While Jim, Norie and Nikki had logged some serious miles aboard Metani following an extensive refit, including a cruise through the Caribbean (where I'd been fortunate enough to have met and sailed with the family the previous spring) and a return north to the USA and Maine's famous DownEast waters, it was the crew's youngest sailor who read the situation correctly. Rather than worrying about on-deck affairs in the non-existent airs, Nikki, who - at the time - was hugely into traditional boats, wizards, magic, and computers, vanished belowdecks.

A few minutes later, she returned on deck, her face aglow with a grand idea. "I'll cast a wind spell," she said. "That should bring up the wind."

The adults all smiled sweetly at her, wishing that an innocent spell could create real-world changes, but Nikki remained undeterred. She climbed back down the companionway steps and returned minutes later, a blue sticky note in hand, which she carefully pasted onto the main boom, before resuming residence next to Jim at the helm.

And just like that, the breeze arrived, filling Metani's mainsail, main staysail, staysail, and genoa.

The adults exchanged are-you-kidding-me looks, while Nikki just smiled.

Norie, not surprisingly, was the first to start thinking about how we could best leverage our newly arrived great fortune and advised that our angle was ideal for hoisting Metani's gollywobbler. The big sail emerged through a glass-and-teak hatch, and we quickly got it hoisted and drawing air.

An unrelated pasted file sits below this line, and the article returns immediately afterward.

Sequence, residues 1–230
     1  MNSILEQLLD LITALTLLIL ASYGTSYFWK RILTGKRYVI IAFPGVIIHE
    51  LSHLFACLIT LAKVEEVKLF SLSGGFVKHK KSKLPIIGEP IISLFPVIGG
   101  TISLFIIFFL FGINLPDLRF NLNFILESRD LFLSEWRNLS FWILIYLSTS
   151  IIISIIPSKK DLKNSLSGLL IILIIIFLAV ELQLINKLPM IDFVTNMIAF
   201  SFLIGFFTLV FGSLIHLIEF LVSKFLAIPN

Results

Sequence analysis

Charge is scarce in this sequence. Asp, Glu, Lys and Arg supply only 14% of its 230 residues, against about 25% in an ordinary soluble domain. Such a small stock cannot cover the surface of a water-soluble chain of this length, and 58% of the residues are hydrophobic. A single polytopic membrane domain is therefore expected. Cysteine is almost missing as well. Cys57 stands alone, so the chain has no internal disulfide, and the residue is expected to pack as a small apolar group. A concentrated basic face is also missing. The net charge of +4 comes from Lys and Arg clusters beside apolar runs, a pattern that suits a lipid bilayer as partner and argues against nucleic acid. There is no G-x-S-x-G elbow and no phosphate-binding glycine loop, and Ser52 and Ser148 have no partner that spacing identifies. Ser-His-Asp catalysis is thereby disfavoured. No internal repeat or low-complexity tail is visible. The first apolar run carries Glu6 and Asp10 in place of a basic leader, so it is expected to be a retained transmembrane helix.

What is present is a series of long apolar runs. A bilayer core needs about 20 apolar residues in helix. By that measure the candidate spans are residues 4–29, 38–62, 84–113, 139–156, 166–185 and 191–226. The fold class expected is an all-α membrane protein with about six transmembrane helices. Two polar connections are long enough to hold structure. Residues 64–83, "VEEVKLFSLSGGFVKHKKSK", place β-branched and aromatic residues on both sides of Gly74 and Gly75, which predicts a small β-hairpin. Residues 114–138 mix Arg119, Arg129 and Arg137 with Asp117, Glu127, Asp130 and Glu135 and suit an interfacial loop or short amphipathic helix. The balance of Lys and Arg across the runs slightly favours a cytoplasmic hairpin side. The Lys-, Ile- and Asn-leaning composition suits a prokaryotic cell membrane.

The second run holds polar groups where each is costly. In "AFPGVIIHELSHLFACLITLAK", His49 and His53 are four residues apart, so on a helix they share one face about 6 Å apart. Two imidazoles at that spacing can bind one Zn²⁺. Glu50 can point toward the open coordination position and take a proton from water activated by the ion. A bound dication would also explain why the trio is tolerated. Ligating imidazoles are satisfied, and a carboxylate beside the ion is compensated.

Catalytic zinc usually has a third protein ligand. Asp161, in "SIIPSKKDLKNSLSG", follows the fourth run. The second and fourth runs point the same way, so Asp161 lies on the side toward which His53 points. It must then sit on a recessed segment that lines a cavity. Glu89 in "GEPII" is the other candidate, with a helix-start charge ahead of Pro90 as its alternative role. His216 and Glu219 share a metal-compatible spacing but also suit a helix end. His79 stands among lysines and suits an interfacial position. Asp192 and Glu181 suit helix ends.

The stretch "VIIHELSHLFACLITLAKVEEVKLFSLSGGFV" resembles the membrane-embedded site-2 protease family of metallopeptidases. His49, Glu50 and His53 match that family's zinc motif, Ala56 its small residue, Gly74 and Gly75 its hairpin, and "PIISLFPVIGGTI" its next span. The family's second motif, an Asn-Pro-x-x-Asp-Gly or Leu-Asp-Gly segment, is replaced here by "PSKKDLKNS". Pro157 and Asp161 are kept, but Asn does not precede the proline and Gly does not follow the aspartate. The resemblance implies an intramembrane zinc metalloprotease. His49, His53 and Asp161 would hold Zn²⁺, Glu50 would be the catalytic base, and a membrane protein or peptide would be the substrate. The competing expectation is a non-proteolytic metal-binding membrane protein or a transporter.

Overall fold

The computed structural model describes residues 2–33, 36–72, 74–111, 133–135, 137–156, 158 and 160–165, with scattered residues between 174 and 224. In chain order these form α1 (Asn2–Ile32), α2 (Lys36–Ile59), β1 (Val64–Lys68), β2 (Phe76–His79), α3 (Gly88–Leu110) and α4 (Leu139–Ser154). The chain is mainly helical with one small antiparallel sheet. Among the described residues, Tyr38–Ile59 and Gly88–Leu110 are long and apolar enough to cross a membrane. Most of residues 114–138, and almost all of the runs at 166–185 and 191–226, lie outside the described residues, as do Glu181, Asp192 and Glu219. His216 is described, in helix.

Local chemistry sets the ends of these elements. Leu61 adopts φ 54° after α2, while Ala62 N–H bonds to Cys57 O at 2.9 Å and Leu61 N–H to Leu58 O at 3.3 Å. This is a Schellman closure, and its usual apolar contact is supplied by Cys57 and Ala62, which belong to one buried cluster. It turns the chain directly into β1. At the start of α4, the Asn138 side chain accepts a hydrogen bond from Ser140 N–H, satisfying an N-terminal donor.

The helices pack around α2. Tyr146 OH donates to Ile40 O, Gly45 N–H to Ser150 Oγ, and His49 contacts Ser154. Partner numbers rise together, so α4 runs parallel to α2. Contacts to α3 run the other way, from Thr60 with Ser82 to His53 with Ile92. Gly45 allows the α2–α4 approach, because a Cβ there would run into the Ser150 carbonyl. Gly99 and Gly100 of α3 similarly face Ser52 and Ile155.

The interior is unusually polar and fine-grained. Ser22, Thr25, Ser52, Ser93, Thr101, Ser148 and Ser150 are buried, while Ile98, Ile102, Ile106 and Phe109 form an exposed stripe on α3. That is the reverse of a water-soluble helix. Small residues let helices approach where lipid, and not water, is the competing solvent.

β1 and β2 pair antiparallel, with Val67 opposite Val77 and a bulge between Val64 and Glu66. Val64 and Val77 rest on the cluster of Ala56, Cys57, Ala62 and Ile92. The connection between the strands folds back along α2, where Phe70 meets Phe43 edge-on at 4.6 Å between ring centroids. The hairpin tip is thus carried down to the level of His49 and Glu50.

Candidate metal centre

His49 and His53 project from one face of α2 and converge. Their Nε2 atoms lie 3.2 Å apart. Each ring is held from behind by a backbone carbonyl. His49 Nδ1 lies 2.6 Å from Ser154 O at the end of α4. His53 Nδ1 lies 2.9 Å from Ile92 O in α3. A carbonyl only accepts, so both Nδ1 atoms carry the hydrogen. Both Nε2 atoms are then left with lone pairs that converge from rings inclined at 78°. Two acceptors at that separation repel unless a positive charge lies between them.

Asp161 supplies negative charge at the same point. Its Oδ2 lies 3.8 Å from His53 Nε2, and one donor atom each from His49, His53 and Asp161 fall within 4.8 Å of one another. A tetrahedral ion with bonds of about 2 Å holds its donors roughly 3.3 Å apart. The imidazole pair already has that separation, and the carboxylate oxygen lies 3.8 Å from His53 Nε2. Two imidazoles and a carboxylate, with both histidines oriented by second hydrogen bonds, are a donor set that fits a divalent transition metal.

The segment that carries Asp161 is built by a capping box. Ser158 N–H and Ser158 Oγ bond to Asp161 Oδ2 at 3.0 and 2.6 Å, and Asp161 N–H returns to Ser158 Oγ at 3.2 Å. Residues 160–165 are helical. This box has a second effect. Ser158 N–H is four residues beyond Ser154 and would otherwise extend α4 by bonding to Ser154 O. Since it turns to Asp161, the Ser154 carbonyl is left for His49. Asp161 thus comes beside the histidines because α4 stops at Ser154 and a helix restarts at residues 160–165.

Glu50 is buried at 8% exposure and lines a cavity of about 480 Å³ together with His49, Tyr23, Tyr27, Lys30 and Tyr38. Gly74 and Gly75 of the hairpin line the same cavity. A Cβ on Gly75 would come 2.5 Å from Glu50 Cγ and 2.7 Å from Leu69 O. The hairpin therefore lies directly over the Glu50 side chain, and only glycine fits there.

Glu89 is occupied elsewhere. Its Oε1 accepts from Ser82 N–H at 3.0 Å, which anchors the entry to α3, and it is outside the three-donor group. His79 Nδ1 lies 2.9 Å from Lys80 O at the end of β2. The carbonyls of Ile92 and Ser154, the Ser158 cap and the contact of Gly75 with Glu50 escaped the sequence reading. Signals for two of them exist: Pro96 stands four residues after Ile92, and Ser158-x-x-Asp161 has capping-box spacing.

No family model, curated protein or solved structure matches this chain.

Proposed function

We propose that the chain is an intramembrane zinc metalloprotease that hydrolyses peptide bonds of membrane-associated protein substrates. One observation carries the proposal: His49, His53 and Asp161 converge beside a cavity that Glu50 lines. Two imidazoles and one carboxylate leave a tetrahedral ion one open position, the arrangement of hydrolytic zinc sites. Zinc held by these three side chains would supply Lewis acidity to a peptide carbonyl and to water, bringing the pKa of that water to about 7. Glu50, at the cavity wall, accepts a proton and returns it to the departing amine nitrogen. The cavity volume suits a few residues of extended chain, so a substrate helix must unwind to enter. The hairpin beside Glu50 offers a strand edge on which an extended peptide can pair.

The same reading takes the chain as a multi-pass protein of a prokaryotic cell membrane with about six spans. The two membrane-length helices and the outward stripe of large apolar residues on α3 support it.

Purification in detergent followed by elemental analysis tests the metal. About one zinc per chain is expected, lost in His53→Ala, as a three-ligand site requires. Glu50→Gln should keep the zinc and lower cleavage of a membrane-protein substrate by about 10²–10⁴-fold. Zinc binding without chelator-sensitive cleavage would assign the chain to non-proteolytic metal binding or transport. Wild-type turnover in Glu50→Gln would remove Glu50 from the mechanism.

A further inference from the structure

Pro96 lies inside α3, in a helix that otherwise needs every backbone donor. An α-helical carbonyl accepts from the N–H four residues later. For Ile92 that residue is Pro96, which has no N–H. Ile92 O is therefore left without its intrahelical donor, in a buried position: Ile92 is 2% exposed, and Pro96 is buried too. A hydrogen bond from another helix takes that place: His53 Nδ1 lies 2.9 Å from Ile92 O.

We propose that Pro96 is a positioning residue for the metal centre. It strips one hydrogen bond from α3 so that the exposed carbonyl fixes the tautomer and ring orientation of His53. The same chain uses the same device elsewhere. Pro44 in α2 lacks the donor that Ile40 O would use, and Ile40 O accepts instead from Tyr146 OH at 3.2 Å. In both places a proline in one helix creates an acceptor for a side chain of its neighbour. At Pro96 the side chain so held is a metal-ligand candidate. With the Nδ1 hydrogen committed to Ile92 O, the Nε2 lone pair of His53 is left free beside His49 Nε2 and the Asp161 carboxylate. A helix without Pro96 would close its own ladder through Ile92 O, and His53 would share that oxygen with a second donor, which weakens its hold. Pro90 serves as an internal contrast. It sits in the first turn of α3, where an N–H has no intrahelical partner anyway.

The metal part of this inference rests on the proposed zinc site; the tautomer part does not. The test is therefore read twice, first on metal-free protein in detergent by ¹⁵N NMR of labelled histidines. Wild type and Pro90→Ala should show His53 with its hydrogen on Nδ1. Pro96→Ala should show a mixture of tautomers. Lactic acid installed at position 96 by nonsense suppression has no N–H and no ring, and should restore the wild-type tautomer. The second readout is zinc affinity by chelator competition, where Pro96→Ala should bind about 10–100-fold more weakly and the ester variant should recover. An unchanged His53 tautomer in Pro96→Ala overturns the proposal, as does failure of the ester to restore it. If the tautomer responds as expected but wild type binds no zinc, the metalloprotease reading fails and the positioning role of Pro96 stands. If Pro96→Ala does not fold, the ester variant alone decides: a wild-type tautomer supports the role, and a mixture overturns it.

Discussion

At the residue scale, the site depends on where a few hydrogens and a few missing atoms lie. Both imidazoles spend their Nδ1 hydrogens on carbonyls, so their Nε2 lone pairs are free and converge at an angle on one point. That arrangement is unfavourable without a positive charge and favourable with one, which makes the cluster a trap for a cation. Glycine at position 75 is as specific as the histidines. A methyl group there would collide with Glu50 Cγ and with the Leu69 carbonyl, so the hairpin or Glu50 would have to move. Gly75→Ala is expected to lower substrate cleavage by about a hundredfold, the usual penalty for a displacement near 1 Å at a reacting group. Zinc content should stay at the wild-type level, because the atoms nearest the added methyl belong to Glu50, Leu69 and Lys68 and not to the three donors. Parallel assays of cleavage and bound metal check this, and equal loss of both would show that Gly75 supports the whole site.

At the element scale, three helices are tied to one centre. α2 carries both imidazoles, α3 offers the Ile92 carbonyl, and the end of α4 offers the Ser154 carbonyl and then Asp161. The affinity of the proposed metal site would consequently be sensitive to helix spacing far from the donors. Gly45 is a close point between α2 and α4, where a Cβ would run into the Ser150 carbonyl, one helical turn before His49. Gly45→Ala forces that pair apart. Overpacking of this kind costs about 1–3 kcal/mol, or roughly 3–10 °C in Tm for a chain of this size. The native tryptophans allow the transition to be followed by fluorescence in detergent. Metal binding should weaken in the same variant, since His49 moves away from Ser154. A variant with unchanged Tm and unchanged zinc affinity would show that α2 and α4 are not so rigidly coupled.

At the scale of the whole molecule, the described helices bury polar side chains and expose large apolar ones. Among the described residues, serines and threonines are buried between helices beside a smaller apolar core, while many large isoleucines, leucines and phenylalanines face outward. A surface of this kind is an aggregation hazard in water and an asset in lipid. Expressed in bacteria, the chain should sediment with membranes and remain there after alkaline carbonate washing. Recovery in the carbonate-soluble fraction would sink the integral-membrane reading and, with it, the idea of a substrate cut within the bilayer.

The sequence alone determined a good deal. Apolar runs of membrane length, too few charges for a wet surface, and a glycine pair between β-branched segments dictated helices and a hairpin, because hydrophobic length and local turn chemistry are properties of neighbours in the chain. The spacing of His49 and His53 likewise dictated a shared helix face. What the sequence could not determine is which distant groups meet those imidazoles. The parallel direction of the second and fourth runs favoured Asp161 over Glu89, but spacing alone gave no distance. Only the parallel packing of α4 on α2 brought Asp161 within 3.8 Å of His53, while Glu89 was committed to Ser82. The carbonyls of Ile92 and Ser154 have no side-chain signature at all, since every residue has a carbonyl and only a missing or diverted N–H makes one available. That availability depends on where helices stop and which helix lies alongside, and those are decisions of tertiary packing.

Looking around, it was clear that we were holding our own amongst our gaff-and-schooner class as Metani started posting great speed-over-ground numbers in the still-building breeze. Soon, one of her teak rails started experiencing sustained saline exposure. Nikki quietly removed her blue sticky note from Metani's mainboom as the taller crewmembers worked to douse the powerful gollywobbler.

We spent several blissful hours winding our way past geographical features and fellow competitors, changing our sail wardrobe as the angles suited Metani. The fisherman made an appearance, and the gollywobbler enjoyed an encore performance, and - far sooner than anyone aboard Metani would have liked - we soon found ourselves ghosting towards the race's finishing line, riding a dwindling breeze.

While the day's sail was one of my most magical experiences aboard a wooden yacht, my best memory of that regatta involves a young wizard (now, I'm sure, a bright and successful young woman), a blue sticky note, and some of the best-timed breeze I've ever witnessed.

And while I've never tried to conjure the breeze with spells or sticky notes, something tells me that this bit of wizardry is best left to young practitioners, not ever-aging Muggles.

Either way, I'd sure give a lot to meet a young wizard who could dispatch the novel coronavirus with the same efficiency that Nikki summoned the wind that day, allowing us all to return to the lives, traditions and on-the-water competitions that bring us the kind of sailing joy that the Metani crew collectively enjoyed that fine early August afternoon, many years ago.

Soon, I hope.

May the four winds blow you safely home,

David Schmidt
Sail-World.com North American Editor